The War Going Home

When I drive to work, I’m serene. The traffic rarely gets to me. I don’t use my horn much. I’m largely unruffled. I enjoy the show “Take Two” on KPCC. My commute takes about 20 minutes. My ride is smooth without a lot of herky jerky. I’m fine.

I keep in my car a copy of the Torah book, Gateway to Happiness, and I usually read a few sentences before heading off to work.

I know that our willpower is strongest in the morning (and after we eat) but gets progressively weaker as the day wears on. As the afternoon rolls on, I’m increasingly impatient and ill-tempered. We only have so much willpower. It’s a resource like money. Once its spent, its gone until it can be replenished. You have to realize that as the day goes on, your willpower falls away so if you have something tough to do, you need to do it as early in the day as possible. After lunch, you’re not going to be as strong as you are at 9 am.

When I get in my car to go home, I’m often tired and cranky and frustrated and angry. My drive home — which takes 20-30 minutes — feels like a war. I feel like I’m navigating through all these horrible drivers. I speed and then slam on my brakes. I want to engage in the most dreadful stereotyping. I get upset with the slow Asian drivers. I get upset that people don’t drive close enough to one another. I feel like I can’t take much more of this. I just want to get home. I often feel like I’m on the verge of an accident. Tonight I thought this moron was going to hit me as he steered into my lane despite me having the right of way. I was shocked when I didn’t hear the scrape and bang of a collision.

I have a harder time being a mentch at work and on my drive home than about anywhere else in my life.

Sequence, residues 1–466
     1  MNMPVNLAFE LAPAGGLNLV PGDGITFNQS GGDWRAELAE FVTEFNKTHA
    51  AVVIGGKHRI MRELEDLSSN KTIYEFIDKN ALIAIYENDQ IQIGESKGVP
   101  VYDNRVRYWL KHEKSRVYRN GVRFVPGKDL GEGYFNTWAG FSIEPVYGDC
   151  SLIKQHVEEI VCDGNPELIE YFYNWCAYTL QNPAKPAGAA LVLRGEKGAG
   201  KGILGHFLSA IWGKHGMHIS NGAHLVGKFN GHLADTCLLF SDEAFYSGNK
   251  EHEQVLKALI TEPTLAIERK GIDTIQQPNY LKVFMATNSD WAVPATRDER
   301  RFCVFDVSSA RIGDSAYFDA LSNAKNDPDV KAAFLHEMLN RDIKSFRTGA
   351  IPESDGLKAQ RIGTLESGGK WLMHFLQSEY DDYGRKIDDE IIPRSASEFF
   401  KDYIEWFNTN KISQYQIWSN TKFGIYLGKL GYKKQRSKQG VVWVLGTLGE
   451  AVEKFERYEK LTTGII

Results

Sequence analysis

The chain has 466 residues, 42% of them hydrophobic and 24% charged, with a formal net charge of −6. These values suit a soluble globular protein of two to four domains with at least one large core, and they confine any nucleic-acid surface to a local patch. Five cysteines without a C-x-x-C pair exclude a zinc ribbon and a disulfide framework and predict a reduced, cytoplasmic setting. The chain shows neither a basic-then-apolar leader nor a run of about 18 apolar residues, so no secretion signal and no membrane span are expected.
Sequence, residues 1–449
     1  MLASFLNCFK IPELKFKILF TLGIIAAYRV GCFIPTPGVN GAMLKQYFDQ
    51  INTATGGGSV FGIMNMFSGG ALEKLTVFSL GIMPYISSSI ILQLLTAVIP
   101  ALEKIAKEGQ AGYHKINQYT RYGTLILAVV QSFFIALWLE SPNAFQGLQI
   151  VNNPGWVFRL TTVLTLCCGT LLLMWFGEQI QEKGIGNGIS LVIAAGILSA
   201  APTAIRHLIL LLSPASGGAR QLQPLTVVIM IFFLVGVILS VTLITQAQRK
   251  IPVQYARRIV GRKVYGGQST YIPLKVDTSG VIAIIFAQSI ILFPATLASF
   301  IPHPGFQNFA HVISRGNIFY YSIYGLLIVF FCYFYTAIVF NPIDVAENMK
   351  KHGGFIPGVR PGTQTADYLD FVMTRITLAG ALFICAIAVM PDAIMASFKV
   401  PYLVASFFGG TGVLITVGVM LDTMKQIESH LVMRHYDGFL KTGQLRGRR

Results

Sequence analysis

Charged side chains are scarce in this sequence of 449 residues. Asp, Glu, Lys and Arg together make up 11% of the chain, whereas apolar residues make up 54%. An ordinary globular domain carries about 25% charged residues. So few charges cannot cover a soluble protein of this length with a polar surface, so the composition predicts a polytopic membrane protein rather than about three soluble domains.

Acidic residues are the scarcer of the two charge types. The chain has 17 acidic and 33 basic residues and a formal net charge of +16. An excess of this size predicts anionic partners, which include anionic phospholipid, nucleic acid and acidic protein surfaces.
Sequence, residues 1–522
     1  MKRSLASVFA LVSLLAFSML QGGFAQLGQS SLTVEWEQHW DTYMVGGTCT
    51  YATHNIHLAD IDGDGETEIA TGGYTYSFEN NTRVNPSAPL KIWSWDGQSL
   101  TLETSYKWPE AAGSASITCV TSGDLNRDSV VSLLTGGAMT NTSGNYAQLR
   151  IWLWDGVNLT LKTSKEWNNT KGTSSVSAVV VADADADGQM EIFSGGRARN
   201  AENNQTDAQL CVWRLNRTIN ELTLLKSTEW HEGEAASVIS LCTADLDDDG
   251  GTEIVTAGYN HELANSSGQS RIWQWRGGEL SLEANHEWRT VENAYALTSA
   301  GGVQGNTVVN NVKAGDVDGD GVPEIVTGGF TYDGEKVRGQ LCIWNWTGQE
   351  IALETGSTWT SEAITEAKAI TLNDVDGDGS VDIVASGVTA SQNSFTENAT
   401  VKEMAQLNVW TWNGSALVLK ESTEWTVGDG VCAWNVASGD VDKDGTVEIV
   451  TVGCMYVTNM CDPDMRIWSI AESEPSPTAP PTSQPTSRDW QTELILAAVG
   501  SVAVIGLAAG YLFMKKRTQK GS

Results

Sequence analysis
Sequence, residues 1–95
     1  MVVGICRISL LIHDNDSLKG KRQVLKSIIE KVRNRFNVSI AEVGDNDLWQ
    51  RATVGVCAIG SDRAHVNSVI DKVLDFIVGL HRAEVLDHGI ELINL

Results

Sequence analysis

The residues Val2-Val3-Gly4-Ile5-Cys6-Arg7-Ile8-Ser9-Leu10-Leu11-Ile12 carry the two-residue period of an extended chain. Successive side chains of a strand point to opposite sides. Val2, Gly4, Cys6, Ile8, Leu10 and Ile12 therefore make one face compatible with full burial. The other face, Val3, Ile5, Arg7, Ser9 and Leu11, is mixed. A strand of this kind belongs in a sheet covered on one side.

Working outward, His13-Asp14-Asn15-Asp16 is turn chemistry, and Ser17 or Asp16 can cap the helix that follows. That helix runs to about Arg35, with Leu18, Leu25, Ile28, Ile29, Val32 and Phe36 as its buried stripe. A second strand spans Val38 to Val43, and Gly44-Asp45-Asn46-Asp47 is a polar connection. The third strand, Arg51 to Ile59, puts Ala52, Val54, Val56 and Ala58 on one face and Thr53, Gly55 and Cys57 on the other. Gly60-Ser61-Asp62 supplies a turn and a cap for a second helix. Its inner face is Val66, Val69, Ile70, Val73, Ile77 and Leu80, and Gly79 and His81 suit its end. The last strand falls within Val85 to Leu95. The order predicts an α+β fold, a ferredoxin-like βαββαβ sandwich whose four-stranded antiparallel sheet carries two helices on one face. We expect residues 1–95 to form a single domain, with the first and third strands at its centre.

Road rage is a great measure of the quality of the program you’re working. If you’re really getting worked up as I sometimes do on my drive home, it shows you’re not working a strong program. I’m indulging the illusion that I can control the world around me when all I can control is my own reactions.

When I finally make it home and somebody is in my parking space, I want to hit the roof.

It takes me about 15-30 minutes to decompress and then I’m fine. I’m serene again.

As I age, I have less tolerance for silence. I’m not happy with my life and I don’t want to sit in silence and let my mind grind in on itself. So when I go to bed at night, I put on a book on CD or music to keep my mind occupied until I fall asleep. I typically wake up half a dozen times throughout the night and keep getting up to put on another CD until I can fall asleep again. If I just lie there at 2 am, I get angry and frustrated and that makes it harder for me to fall asleep. I don’t like my bed to become a battleground. I don’t want to fight to sleep. Best to distract myself with a good lecture or a piece of music until my mind turns off.

Pete* emails:

Dear Luke,

I am a native who learned to drive in L.A. If you have any experience driving in other parts of the country, drivers in L.A. are generally better drivers, and drive more aggressively than elsewhere. We also use our horns and turn signals a lot less. We depend on our cars and routinely extend courtesies to other drivers.

We also signal less but drivers here do more defensive driving which is how we get away both with less signaling and more aggressive and faster driving.

My wife, is not a native, and she gets very upset with other drivers.

I think the native Angelenos really only get upset with certain things because it shows the driver is not being considerate of other drivers. As examples pulling over to drop someone off or pick someone up in traffic. We don’t mind very much if it is done quickly. But if it holds up traffic while the people are slowly alighting from or entering the car or talking with the driver or taking their time with loading and unloading baggage, I get pissed. Same thing with people in left turn lane, not turning when there is a break in traffic, or not going far enough out into the intersection to let the car behind them be able to turn when the light changes.

However, there is the other problem which all of us have; that of being stuck in traffic. You are helpless. If there were another way to go you would have found it. All you can do is wait and wait. That saps the soul out of anyone.

About Luke Ford

I've written five books (see My work has been covered in the New York Times, the Los Angeles Times, and on 60 Minutes. I teach Alexander Technique in Beverly Hills (
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